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November 22 - November 28, 2010

What quality control checks can I use to assure the cleanliness of steel abrasive in a fabricator's or shipyard's shop?


Selected Answers

From Craig Wallbank of W Abrasives on November 24, 2010:
Just further to my earlier post: yes, a screen analysis is always a good procedure to do, to see if the mix contains dust or contamination. Dependent upon the size, it will usually be found from the 50 mesh down to and including the pan. If this is the case, then possibly more airflow is required at the separator to remove this unwanted and potentially damaging waste.

From Craig Wallbank of W Abrasives on November 24, 2010:
The cleanliness of the abrasive is dependent upon if the process is equipped with an air wash separation system. Using metallic (steel) abrasive is by far the most cost-effective way and can give higher production rates over mineral abrasives. There is a section in the SSPC-AB 2 spec that tells how to test recycled abrasive. The recycled abrasive appears to be suppliers of this material and not the abrasive within the shotblast machine itself. As described above the airwash separation system is paramount to the operation and needs to set correctly to remove ALL contamination from the blasting process, but to leave the 'clean' useful abrasive within the system. Please also note that recycled abrasive may have previously been blasted on projects that may have contained lead paint, i.e., old bridge structures, etc., so it is imperative that the abrasive is clean by the supplier of this material. NEW is always the best, as you know where it has come from. Hope this helps.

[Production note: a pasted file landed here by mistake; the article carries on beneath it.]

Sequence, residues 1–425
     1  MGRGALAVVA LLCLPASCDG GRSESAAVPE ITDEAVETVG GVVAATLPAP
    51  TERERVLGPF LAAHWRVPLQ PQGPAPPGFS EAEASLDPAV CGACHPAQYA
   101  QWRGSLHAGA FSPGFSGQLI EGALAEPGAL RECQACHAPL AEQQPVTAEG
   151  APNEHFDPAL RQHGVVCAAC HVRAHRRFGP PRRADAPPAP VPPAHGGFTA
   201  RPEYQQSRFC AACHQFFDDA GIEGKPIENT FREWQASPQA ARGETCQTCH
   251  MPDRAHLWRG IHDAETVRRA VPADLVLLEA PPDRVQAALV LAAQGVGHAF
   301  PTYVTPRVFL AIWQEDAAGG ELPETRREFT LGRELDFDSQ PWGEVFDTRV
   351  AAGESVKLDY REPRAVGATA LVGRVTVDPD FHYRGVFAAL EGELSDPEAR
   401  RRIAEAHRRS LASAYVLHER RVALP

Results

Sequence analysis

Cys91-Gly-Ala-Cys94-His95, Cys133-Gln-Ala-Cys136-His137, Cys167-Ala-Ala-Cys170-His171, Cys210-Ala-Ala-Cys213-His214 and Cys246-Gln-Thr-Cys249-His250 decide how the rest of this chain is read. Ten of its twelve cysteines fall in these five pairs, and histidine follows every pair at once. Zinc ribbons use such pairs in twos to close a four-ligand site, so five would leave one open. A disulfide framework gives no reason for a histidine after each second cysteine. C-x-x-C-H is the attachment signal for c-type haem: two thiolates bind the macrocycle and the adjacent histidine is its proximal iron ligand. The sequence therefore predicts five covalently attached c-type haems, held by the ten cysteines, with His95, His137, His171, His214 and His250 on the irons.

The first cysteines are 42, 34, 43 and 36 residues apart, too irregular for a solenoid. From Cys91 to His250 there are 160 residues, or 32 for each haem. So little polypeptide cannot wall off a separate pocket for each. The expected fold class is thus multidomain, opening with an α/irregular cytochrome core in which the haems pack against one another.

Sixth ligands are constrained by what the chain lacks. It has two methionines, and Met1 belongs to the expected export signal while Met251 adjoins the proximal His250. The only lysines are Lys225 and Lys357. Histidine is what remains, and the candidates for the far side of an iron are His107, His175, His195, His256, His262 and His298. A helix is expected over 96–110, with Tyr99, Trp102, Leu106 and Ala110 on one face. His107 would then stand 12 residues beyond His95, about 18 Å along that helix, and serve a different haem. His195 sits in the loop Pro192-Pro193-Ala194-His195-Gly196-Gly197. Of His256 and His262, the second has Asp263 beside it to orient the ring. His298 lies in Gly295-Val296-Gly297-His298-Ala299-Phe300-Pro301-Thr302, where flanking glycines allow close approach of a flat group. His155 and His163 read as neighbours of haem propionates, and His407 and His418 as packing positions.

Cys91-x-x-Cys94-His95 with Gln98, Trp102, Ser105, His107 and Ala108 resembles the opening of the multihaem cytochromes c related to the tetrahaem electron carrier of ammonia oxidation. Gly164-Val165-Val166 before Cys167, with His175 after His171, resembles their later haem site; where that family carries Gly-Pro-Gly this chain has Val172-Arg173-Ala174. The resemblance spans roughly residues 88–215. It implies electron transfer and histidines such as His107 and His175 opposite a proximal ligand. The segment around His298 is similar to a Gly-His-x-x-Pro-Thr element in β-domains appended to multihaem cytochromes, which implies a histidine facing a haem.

From remko tas of Futuro SRL on November 24, 2010:
Size and mix can be checked with diferent mesh size strainers (about 2-3) Sharpness or roundness can be checked visually by comparing with new steel abrasive. Check for contamination with oil and grease by putting some grit in a glass of warm water and look for oil floating. Salt contamination can be checked by putting some grit in a glass of water and running a conductivity test.

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Tagged categories: Abrasives; Quality control


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